Jane Goodall builds an ark

By Kathryn Shevelow
Sunday, November 15, 2009


How Endangered Species Are Being Rescued From the Brink

By Jane Goodall with Thane Maynard and Gail Hudson

Grand Central. 392 pp. $27.99

Two hundred years ago, as Jane Goodall and her co-authors remind us in this survey of efforts to save endangered species, golden lion tamarins by the thousands scampered through the trees of Brazil's coastal forest. The lion tamarin is a beautiful little monkey, with a solemn, big-eyed face wreathed by a mane of burnished hair. Unfortunately, not only has their cuteness made them prime commodities in the international exotic pet market, but their former habitat has been decimated by agriculture and cattle grazing: Only 7 percent of their forest remains today. The golden lion tamarin would be extinct if not for Dr. Adelmar Coimbra-Filho, known as the "father" of Brazilian primatology, and his colleague Alceo Magnanini, who worked for decades to protect them. Now, hope for the tamarins' survival depends on the biological reserve created for them, and on captive breeding programs in Brazil and elsewhere, including the National Zoo.

The vultures of the Indian subcontinent also owe their continued existence to a small group of activists. In the 1990s, widespread use of the cheap veterinary drug diclofenac killed up to 97 percent of the South Asian vultures who fed on the drug-laden carcasses of cows and other animals. The vultures' fate underscores one consequence of extinction: its immediate impact on humans. Dead animals that once would have been quickly devoured by vultures were left to putrefy, breeding anthrax and other lethal pathogens. Human deaths from rabies increased as rats multiplied because they no longer had to compete with vultures for carrion -- which now included thousands of vulture carcasses as well. Even the traditional funeral rites of the Parsee of India, who expose their dead for vultures to strip the bones, were threatened. After a study by the Peregrine Fund and the Ornithological Society of Pakistan identified diclofenac as the culprit, Mike Pandey's documentary film "Broken Wings" publicized the crisis, and community outreach groups began educating local citizens. The vultures' environment remains deadly, for although the manufacture of diclofenac has been banned in South Asian countries, it is still legal to use, import and sell the drug. But the establishment of safe feeding stations, captive breeding programs (controversial though these may be) and education efforts give hope for the birds' survival.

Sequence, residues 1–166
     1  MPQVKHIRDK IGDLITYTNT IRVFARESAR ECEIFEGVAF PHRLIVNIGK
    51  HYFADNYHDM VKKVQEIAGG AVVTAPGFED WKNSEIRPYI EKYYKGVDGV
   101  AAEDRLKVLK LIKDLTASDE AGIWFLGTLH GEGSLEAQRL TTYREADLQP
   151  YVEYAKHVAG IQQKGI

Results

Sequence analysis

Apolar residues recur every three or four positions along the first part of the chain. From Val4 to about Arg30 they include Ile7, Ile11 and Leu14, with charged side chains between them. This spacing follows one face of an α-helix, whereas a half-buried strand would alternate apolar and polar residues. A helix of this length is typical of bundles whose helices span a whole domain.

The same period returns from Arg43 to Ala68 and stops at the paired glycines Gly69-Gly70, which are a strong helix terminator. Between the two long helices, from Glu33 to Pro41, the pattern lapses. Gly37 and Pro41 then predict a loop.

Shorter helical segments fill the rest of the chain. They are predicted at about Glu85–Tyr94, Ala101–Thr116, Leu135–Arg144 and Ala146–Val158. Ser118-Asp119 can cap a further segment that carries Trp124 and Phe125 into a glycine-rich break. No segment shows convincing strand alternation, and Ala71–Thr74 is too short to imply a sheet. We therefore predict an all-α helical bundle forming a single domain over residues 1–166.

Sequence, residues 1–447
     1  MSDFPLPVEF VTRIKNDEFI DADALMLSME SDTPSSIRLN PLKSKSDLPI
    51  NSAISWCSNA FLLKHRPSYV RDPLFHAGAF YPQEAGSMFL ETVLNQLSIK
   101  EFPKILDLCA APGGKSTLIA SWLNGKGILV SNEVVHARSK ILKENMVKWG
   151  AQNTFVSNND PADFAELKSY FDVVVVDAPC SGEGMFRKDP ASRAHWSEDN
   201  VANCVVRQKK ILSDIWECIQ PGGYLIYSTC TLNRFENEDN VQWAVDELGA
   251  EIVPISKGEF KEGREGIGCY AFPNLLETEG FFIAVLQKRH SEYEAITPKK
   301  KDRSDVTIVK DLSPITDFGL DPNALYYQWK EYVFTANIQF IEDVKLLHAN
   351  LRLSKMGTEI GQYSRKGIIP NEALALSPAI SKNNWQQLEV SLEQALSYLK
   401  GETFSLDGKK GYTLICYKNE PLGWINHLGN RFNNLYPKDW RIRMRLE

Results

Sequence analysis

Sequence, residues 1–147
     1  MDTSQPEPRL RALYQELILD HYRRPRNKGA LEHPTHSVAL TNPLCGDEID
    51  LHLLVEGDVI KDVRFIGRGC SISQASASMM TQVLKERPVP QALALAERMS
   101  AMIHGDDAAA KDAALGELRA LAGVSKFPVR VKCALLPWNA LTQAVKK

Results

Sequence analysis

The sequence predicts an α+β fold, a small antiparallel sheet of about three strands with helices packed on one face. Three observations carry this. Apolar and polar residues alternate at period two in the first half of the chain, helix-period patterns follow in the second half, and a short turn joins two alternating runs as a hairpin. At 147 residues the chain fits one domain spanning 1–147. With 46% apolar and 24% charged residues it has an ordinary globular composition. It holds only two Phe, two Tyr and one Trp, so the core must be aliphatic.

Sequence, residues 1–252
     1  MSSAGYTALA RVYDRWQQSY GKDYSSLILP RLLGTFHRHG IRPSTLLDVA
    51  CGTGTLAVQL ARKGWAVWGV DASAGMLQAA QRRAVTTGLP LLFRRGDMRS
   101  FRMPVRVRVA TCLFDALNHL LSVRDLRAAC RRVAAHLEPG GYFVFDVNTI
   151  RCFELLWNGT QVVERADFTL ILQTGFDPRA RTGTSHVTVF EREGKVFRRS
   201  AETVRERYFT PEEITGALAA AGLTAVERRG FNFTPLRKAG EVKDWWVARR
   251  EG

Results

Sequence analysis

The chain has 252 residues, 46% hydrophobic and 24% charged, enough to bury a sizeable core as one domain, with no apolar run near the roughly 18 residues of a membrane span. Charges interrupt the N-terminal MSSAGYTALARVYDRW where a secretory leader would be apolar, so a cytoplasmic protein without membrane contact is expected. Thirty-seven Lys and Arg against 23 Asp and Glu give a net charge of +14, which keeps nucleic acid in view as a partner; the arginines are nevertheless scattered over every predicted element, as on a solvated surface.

In "Hope for Animals and Their World," Goodall, Cincinnati zoo director Thane Maynard and health writer Gail Hudson write of these and many other animals on the brink of extinction and the successful efforts to save them, often against opposition by governmental and corporate interests as well as public indifference or hostility. Other tales of preservation in this book feature the black-footed ferret of North America, nearly lost to development and poisoning by ranchers; the milu deer of China's Yangtze River Basin, decimated by habitat loss and hunting; the peregrine falcon, devastated by DDT and other pesticides; and perhaps most remarkable of all, the black robin of New Zealand's Little Mangere Island, whose numbers had fallen to seven, only one of which was a productive breeding female. "Hope for Animals" recounts many such stories: species brought back from the verge of extinction, those thought to be extinct and rediscovered, those newly discovered and those who survive only in captivity.

Goodall has devoted her life to animals, not only with her legendary decades of research on the chimpanzees of Tanzania, but also with her tireless campaigning, both as a writer of books for children and adults and as an activist. "Hope For Animals," she says, grew out of her belief that, although we are now experiencing "the sixth great extinction", the conservation work of "heroes" gives us reason to hope. At a time when we are overwhelmed by environmental disasters, individuals can still make a difference.

Goodall recounts many inspiring stories of heroes worldwide. However, the book's heartening scale is also its weakness. Each account is brief, even perfunctory, lacking the scope to narrate dramatic sagas that lasted for years. Although acknowledging the institutional support these heroes received, "Hope for Animals" emphasizes individual efforts to combat a global crisis that can be systematically addressed only by governmental action. Yet within the environmental devastation surrounding us, it is not amiss for Goodall to remind us that, after all the evils had flown from Pandora's box, there at the bottom remained hope.

Kathryn Shevelow, professor of English Literature at the University of California, San Diego, is the author of "For the Love of Animals: The Rise of the Animal Protection Movement."

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